Kid Acne Leadmill Interview
In 35 years The Leadmill has seen its fair share of musical legends grace its stage. From Amy Winehouse to Fat White Family, Primal Scream, The Strokes, Arctic Monkeys and countless more, the venue has become a rite of passage for new bands to play and is planted firmly in the memories of some of the greats who cut their teeth there. In recognition of this rich heritage, The Leadmill have commissioned Ed Bradbury, AKA Kid Acne, to doodle up the entrance way with the names and lyrics of past performers. We had a chat with Leadmill Brand Manager Elyse Peacock about the collaboration and the future of The Leadmill, and caught up with Kid Acne to find out more about his current projects.
Why did you decide to decorate the entrance to The Leadmill in this way?
Elyse: I contacted Ed because we’d had Pete Fowler do the doors outside earlier in the year. The plan is to work our way into The Leadmill using various different artists. They won’t all be local but they will all have a slight music link, whether they’ve worked with artists before (as Pete did with Super Furry Animals) or produce music themselves.
Elyse: We want to get art back into The Leadmill, that’s kind of why it opened in the first place – it was a home for the creative folk of Sheffield. We’re going for absolutely everything from comedy to screenings of old films – classic stuff – and we’ve got some creative performances pencilled in too. Turning 35 has made us think about what we used to be, and we need to look at the next chapter. We want it to be more than just a music and club night venue. It’s time to get back to what we were when we started.
Kid Acne: I’m just trying to carry on the whole of the theme of what Pete’s done on the doorway, so as you get inside you get this whole list of lyrics and bands that have played here. A journey into the club, that’s the idea. As you’re queueing to get your tickets you can have a look and say, ‘oh I was there, I remember that’ and engage in the whole experience from the outside to the in.
Kid Acne: I’m working through this list of everyone who has ever played here and trying to incorporate as many as possible.
Elyse: It was a bit of a challenge creating the list because obviously we haven’t got a fixed record of all of the bands in the ‘80s and ‘90s. From the 2000s we have them all online so that was easy to pull off, but the old ones were hard to search for. Then we asked people on Twitter to submit their favourite lyrics.
Kid Acne: Well it felt like a lot to be honest! I started making records when I was a teenager, it was purely DIY, manufacturing it ourselves, screen printing the sleeves and distributing it all ourselves. Over the years it kept going up and up in numbers and I just felt like it was nice to do something that was back to basics, back to the plan where it was super limited and all handmade. Eventually I ended up with a record deal and it wasn’t limited anymore, and then I stopped making music altogether for a while. So this was like going back to the start. Mongrels was something we started as teenagers and then I started doing Kid Acne as an artist and had a deal with EMI for a while.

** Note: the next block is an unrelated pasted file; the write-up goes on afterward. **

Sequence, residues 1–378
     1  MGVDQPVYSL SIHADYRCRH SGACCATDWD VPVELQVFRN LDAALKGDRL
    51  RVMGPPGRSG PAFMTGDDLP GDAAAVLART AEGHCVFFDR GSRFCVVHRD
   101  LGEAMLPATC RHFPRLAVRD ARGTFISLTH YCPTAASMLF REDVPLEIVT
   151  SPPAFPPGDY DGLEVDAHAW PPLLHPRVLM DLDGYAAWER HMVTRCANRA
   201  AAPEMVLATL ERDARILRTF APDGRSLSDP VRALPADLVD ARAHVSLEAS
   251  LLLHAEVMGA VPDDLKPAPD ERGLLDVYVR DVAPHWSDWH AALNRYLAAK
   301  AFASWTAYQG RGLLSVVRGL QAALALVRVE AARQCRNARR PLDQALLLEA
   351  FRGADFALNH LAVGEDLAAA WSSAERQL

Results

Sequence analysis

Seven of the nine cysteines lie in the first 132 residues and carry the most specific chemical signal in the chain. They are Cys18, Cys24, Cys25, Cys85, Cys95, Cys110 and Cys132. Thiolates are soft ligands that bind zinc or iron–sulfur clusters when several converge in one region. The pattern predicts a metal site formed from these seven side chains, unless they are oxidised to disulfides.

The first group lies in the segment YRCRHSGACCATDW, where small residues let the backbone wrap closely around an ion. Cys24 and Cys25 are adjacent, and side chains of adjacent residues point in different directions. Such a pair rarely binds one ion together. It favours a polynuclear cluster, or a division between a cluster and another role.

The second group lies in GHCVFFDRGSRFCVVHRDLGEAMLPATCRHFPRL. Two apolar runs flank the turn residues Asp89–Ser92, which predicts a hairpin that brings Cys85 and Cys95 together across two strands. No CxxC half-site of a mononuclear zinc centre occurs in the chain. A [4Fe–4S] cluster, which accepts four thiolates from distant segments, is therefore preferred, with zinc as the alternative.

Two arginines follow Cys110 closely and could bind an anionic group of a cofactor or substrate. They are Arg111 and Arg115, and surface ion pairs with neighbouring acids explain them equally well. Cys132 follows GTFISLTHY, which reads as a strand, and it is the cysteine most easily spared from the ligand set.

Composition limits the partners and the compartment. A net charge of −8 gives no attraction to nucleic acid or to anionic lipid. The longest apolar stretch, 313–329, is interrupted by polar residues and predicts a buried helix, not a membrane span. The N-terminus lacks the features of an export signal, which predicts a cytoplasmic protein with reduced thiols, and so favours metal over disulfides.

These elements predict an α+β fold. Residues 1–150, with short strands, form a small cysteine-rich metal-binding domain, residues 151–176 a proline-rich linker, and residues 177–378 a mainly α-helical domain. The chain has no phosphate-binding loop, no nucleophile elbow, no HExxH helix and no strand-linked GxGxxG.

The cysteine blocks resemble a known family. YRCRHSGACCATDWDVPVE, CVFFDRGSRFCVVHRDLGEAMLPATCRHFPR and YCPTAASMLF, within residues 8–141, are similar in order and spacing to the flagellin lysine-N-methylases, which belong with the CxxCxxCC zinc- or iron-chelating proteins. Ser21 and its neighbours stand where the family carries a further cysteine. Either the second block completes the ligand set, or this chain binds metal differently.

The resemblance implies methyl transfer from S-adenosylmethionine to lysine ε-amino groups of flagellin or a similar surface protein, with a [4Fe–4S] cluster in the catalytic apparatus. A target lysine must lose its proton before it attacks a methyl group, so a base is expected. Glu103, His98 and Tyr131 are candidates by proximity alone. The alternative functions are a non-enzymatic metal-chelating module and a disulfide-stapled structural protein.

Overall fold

I just wanted to go back to making music with my friends again and do it all DIY. So 300 felt like the right amount and they’re going out, so that’s cool. We’ve got a 7” at Christmas and then an album in the new year, there might be 500 copies of that.
But from past experience, having made thousands of copies, sometimes they just sit there in boxes. So we made it limited, made it desirable and if we have to repress it, then we will. It’s a more sensible route.
Yeah I’m a lot more into this stuff than some of my other to be honest. The reason we decided to make this in the first place is because we found a bunch of old demos and half-finished material from when I did the last album, in 2005-2006. I felt like a lot of the stuff we didn’t release actually sounded better than some of the stuff that we did! We thought it had stood the test of time better so we’ve revisited it and then that turned into a whole body of work.
When you do art or music or any kind of creative thing it’s really easy to get distracted by what other people want you to do, pushing you in a certain direction. It’s hard work when you’ve got a record label and management. It’s quite distracting. So it’s nice to go back to it in this way, it’s what do I want to do.
Yeah I like to do a lot of different things; it’s sometimes to my detriment, as I spread myself a bit too thin sometimes. I like printing, painting and making music and as much as possible I want to continue moving those things forward. The last couple of years I’ve been focusing on the music so I haven’t been painting much outdoors. There’s only so much time that you’ve got and I think if you want to do something well you’ve got to focus on one thing as much as possible. But there’s always something lying dormant that will come into focus when the other thing goes back to being dormant.
You can buy Mongrels’ ‘Low Budget High Concept’ from www.kidacne.com and you can catch his Leadmill art work the next time you’re on your way in!